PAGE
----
Above Dennison's hobby shop on Main Street, the Four County Model (railroad) Engineers are building The Four County Line. There's Four County Terramite, which rents backhoes, also on Main Street. Four County Automotive, a repair shop, is out on Ridgeville Boulevard. Just south of town lies Four County Farm. Nearby is Four County Exxon.

Here in the heart of Maryland -- actually at a point on Four County Farm -- converge the counties of Montgomery, Frederick, Carroll and Howard. The Frederick-Carroll County line bisects most of South Main Street in Mt. Airy proper, a municipality of 2,500 or so platted along Parr's Ridge, about 40 miles northwest of Washington.

Mayor Lewis Dixon peers out the rear window of his True Value hardware store on Main Street. "Right now, we're sitting in Carroll County. See that white house across the parking lot. It's in Frederick County." A corner of Dixon's own home lot, located in Carroll County, , touches Frederick.

The home next to the old Pine Grove Chapel on South Main Street. Before the festival flap, her group had had the town placed on the national historic register.

"Ninety percent of the people weren't in favor of it," said Mac Molesworth, the president of the town council whose family has produced two mayors since the town's 1896 incorporation. "There are two old buildings, the railroad station and the Pine Grove Chapel . . . . The rest are just plain houses, nothing fancy, nothing old," Molesworth said.

"We have people in this town who are totally historically insensitive," said Linderman. "Then, there are others of us who, even though not born and bred here, are working daily to raise the public awareness of what a real little treasure they have here . . . .

"It upsets me that some of the old folks who've been here all their lives see it as a bunch of old buildings. My husband and I see it as a little jewel at the foot of the mountains."

Then there's Bob Hilton, a real estate developer who lives seven miles south, in Montgomery County. Hilton was a founding member of the Mt. Airy Businessman's Association, which died the other year for lack of interest.

For a few years, it sponsored a spring Oldtimers Day on the sidewalks of Main Street. Hilton wanted to close the street but encountered opposition and dropped the idea. The event went on anyway. Three thousand people came.

"The reason you see the town looking the way it is is that people move very slow here," Hilton said. "They're slow to accept new ideas, which is good and bad. They're not joiners, which is good and bad. It's a marvelous thing, unless you're trying to originate something."

Mt. Airy is the kind of town, he said, where a new idea must be mulled over, "seasoned" for a year or so before being seriously considered. It's the kind of place where the railroad crossing signs are still standing more than a year after the tracks were taken up and the station converted into medical offices.

The controversy over closing Main Street for the festival, he said, is "a perfect example of the new meeting the old and nobody being willing to compromise."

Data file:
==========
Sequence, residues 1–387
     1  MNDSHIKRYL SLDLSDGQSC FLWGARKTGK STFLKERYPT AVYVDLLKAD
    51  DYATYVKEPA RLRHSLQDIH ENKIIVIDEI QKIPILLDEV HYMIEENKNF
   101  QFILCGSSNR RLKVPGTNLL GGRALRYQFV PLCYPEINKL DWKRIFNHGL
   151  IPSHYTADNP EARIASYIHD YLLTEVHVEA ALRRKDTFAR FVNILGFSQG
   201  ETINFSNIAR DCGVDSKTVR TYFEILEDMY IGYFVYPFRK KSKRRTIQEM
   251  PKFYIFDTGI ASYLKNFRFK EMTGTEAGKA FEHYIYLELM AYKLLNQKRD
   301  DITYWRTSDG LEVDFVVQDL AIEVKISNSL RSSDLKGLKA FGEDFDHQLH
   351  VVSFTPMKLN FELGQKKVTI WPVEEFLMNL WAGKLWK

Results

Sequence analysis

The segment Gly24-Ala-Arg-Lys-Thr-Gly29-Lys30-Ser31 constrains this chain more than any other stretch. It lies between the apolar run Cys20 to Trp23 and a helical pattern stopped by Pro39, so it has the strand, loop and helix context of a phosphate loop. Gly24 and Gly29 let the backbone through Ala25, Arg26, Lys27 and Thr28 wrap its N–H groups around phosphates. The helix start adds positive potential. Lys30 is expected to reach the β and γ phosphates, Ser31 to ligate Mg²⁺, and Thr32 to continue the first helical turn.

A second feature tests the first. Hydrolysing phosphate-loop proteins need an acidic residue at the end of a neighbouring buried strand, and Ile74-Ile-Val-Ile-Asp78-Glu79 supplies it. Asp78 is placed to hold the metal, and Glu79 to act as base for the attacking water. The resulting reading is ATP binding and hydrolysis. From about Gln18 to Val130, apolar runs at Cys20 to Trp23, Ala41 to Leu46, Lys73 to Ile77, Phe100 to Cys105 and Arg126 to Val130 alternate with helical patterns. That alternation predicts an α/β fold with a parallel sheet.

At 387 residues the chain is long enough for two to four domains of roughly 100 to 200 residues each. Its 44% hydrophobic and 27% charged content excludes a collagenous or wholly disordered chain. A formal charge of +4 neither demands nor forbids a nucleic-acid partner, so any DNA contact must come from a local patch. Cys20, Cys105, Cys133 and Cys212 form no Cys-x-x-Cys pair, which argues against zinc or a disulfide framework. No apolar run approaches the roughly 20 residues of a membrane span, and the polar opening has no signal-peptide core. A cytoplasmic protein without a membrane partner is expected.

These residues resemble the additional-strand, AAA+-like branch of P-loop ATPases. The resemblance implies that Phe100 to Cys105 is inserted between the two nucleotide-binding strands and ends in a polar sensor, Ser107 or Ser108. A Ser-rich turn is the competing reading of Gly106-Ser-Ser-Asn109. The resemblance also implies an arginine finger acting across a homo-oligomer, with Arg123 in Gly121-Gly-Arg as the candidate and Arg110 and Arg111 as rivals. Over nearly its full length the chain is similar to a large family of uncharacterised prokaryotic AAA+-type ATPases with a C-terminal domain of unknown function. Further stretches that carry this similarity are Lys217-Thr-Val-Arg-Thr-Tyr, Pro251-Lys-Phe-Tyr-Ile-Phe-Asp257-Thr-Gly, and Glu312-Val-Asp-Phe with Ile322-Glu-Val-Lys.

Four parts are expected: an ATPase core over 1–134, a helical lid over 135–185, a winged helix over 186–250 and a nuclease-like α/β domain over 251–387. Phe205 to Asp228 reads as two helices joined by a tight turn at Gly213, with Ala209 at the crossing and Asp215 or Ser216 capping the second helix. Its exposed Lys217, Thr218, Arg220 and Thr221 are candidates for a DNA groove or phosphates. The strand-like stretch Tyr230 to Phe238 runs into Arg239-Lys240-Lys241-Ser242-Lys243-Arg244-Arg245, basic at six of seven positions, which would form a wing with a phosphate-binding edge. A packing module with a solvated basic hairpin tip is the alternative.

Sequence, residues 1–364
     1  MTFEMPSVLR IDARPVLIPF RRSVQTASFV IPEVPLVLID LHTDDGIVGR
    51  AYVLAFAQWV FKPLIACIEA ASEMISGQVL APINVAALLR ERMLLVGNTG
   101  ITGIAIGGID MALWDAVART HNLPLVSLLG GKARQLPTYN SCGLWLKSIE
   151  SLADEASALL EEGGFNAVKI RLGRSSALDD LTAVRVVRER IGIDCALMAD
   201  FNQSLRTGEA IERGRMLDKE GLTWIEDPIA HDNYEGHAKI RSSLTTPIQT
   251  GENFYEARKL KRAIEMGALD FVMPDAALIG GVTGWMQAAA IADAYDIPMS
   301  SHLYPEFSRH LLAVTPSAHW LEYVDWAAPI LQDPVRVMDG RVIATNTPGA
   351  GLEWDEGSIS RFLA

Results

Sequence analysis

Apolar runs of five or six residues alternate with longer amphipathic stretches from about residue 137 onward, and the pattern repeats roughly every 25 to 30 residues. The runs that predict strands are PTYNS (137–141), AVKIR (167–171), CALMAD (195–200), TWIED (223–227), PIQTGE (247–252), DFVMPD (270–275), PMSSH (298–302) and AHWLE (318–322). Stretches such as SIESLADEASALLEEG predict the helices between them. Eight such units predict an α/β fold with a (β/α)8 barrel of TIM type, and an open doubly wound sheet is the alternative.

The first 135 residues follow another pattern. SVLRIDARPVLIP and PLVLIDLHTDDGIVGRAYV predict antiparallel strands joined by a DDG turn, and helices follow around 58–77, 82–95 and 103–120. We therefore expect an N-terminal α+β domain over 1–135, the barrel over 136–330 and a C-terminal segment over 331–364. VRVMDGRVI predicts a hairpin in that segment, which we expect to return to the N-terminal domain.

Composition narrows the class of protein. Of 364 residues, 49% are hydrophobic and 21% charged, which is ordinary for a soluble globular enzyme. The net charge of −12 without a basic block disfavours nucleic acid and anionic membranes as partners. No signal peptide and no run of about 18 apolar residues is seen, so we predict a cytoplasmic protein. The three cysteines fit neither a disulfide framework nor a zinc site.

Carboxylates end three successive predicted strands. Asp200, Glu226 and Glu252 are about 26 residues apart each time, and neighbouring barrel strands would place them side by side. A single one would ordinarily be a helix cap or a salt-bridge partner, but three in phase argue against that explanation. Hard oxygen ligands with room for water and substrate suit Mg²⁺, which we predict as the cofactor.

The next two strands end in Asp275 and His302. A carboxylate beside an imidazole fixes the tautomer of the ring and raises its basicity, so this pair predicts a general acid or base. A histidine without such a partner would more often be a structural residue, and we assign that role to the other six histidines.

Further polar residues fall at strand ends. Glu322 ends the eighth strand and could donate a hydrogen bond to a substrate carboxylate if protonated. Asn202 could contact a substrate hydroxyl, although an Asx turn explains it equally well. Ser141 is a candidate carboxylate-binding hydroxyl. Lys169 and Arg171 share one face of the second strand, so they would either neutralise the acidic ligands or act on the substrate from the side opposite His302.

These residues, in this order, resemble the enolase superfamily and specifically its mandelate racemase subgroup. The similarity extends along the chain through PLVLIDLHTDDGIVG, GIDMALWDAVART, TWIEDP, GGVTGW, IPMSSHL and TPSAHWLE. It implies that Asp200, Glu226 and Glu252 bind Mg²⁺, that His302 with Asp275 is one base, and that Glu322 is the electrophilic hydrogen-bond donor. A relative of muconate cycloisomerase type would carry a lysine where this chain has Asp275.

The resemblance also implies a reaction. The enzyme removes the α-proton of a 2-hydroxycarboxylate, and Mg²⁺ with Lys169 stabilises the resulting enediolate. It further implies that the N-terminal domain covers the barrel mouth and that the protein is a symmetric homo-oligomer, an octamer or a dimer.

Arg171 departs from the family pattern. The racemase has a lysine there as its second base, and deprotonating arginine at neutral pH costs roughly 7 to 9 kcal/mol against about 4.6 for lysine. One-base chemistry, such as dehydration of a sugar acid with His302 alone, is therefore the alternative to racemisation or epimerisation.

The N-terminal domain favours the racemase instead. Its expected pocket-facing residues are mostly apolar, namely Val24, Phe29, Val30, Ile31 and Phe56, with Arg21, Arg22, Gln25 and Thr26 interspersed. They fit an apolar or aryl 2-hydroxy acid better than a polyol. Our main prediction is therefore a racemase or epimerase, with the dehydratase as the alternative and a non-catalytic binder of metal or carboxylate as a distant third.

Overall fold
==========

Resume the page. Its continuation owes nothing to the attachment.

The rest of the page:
Said Nina Dennison, at the hobby shop, "Personally, I think both sides are being childish. It became an emotional issue . . . and I think that's a shame. Everyone was trying to use their influence rather than having the doggone festival. They chose up sides is what happened. Most businesses didn't care a hoot one way or the other, before the sides were chosen."

A few doors down, Dorothy Gosnell, who helps run the Olde Town Restaurant owned by her son, said, "This is not what Mt. Airy's about. We're a loving town, where everybody knows everybody else and people care about each other. We're not a bunch of fighters. We're grownups. It's sad."

Molesworth, who owns a car dealership on Ridgeville Boulevard, shrugged, "It is a nice little town. Unfortunately, you got a few new people who stir things up. They [think] they're gonna change the world. Eight or 10 years ago, a few new people were gonna take over the town. They put up candidates, went door to door. They got beat so bad, nobody ever heard of them again."

Linderman, describing herself as "politically active," suggests the old guard may face new challenges in the next election, nonetheless.

But for now, fast food outlets and new subdivisions are sprouting on the outskirts of town, in both Frederick and Carroll counties. Even Sandra Linderman's large, sloping backyard borders a new development. It's called Merridale. "Cookie-cutter houses with cookie-cutter people," she said.

Eighty-eight-year-old Motie Cuthbertson lives on the Four County Farm her family has owned since 1837. "We're the old, old-timers," she said.

On her farm, five springheads in a pond form the headwaters of the Patapsco River (which empties into Baltimore Harbor), known hereabouts as Parr's Spring. Underwater is the original four-county marker.

For years, she paid taxes to all four counties, but Montgomery recently decided the amount received from the thin sliver of county land on her property wasn't worth the price of processing the tax bill. "We're not in the corporate limits, we're orphans," she said.

But her parents married in Mt. Airy, she attended school there and she is, to the core, an unabashed town booster.

It's 25 miles from Rockville, 15 from Frederick City, 22 from Westminster and 24 from Ellicott City, she notes, adding, "Now, where else would you find a little town within that distance of four county seats?"